The Oscar nominations are out . . . the only surprise is who wasn’t among them.

16 Jan


It will be a battle of the hustler’s versus the astronauts at the 86th Annual Academy Awards on March 2nd.  Both David O. Russell’s colorful con game American Hustle and Alfonso Cauron’s tale of an astronaut fighting for survival, simply titled Gravity each received 10 nominations Tuesday morning as the contenders for the award were announced by actor Chris Hemsworth and Academy President Cheryl Boone Isaacs.

For the first time in years, the list of Best Picture nominees comes without a loser in the bunch.  The academy – which three years ago decided to give the category some elasticity by allowing from five to ten nominees – chose nine films this year that deserved their nominations.  The top contenders come down to three: American Hustle, Gravity and 12 Years a Slave.  From that group, it might seem that Slave is the most Oscar friendly, but if the Golden Globes are any indication, it might be American Hustle for the win.

Cauron’s Gravity becomes only the sixth film released predominantly in 3D to receive a best picture nomination.  What is encouraging is that this film, like the previous films Avatar (2009), Up (2009), Toy Story 3 (2010), Hugo (2011) and Life of Pi (2012) were all good films.  Gravity has been riding the wave of good reviews since its release last October.  Does it have a chance?  In the technical categories, yes, but in the top categories it the competition from Hustle and Slave is a bit too steep.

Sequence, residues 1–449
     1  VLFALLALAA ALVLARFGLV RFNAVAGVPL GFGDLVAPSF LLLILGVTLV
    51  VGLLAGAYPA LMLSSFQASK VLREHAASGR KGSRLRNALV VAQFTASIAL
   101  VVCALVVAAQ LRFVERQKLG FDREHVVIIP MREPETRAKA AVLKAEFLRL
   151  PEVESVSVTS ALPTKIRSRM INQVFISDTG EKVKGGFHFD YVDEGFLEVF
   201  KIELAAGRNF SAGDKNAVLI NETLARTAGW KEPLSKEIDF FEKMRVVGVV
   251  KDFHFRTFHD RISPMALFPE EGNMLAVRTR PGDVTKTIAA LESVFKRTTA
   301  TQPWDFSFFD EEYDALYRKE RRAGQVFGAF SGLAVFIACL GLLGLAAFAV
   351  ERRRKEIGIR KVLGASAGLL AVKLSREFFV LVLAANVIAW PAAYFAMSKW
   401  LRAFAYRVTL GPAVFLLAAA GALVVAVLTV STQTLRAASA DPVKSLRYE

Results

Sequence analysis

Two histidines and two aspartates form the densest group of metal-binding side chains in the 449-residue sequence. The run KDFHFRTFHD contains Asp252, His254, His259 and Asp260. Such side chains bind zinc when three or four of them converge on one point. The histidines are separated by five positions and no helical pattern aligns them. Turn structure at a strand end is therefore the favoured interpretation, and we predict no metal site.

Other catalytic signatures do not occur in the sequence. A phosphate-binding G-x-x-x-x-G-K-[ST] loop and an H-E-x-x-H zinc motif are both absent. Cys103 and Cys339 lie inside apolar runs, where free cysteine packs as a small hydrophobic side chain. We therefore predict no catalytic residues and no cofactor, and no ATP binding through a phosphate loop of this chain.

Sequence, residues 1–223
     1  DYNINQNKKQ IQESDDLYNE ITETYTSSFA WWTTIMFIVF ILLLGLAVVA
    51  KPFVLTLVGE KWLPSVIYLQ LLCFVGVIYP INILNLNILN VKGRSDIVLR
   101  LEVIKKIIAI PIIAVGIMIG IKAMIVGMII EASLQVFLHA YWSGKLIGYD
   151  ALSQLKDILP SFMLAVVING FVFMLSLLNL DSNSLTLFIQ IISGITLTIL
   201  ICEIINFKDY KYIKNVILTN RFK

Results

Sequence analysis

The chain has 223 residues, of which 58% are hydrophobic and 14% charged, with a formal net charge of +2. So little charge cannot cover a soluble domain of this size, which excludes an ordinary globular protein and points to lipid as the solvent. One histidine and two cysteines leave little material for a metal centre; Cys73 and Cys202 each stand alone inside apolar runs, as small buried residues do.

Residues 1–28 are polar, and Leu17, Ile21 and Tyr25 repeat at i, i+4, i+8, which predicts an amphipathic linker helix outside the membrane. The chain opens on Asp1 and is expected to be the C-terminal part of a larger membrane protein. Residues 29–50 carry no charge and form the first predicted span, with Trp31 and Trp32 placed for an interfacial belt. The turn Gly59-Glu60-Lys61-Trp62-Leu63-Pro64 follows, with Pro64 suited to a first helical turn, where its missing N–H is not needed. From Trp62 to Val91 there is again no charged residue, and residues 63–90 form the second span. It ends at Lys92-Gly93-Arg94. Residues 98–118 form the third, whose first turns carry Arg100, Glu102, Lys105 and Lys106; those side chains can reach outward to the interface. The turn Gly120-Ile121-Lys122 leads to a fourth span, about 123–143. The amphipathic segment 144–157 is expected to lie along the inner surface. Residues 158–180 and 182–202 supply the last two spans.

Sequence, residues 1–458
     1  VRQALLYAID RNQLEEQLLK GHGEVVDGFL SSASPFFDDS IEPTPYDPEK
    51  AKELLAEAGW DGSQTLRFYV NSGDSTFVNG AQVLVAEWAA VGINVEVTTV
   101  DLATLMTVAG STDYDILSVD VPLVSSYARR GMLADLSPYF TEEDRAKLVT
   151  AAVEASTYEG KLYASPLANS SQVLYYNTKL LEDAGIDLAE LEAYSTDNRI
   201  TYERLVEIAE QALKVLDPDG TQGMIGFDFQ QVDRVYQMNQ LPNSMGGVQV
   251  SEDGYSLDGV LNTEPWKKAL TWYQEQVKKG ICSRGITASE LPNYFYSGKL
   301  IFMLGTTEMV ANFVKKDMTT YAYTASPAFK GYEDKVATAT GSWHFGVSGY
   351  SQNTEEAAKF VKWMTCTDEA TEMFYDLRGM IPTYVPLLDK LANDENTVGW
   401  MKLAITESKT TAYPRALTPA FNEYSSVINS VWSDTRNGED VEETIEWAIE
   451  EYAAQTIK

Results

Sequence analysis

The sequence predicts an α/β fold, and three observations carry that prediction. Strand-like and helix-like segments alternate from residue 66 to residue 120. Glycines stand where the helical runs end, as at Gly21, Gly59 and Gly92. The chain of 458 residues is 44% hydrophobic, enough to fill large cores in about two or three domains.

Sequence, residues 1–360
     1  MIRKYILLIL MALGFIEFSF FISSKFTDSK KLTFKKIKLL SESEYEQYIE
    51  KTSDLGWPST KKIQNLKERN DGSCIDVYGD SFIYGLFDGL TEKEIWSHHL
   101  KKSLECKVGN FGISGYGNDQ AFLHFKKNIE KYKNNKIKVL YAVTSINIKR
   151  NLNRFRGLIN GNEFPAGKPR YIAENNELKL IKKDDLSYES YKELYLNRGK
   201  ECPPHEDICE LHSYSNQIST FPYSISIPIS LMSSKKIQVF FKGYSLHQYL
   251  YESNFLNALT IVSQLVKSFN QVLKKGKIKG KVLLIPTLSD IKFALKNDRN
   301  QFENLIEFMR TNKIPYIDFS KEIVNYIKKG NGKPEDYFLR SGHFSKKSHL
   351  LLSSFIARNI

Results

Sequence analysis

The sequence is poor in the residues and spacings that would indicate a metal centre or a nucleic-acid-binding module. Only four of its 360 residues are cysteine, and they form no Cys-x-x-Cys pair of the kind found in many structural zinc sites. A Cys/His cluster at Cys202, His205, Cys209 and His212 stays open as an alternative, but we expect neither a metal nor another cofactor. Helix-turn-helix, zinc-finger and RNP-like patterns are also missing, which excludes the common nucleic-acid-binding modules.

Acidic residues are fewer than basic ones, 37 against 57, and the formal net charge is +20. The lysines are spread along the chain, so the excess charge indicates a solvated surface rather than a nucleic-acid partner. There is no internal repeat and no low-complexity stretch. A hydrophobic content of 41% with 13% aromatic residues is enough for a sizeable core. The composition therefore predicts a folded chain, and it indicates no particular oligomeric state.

Russell’s film dominated the acting categories with one actor in each category – which happened last year with Silver Linings Playbook directed, ironically, by David O. Russell.  Before that you have to go back to Warren Beatty’s Reds back in 1981.  Christian Bale got his first nomination for Best Actor, Amy Adams, got her fifth nomination but this year moves up the Best Actress category (all others were for supporting).  Bradley Cooper gets his second nomination for Best Supporting Actor, and Last year’s Best Actress winner Jennifer Lawrence was nominated in the Supporting actress category.

In an unusual move, all five nominees for Best Director had their films nominated for Best Picture -Alfonso Cuarón for Gravity, Steve McQueen for 12 Years a Slave, Alexander Payne for Nebraska, David O. Russell for American Hustle and Martin Scorsese for The Wolf of Wall Street.

For the most part, the nominations stayed within the predictions.  For the men, Christian Bale faces Bruce Dern from Nebraska, Golden Globe winner Leonardo DiCaprio for The Wolf of Wall Street, Chiwetel Ejiofor for 12 Years a Slave, and comeback kid Matthew McConaughey for Dallas Buyers Club.  Among the supporting actors, the only surprise is the second nomination for Jonah Hill as a drug addicted salesman in Martin Scorsese’s The Wolf of Wall Street.  He faces Bradley Cooper for American Hustle and Michael Fassbender as a slave master in 12 Years a Slave.  The stiffest competition in this category comes between newcomer Barkhad Abdi for his debut performance as a Somali hijacker in Captain Phillips and Jared Leto for his heartbreaking performance as a drug-addicted transsexual in Dallas Buyers Club.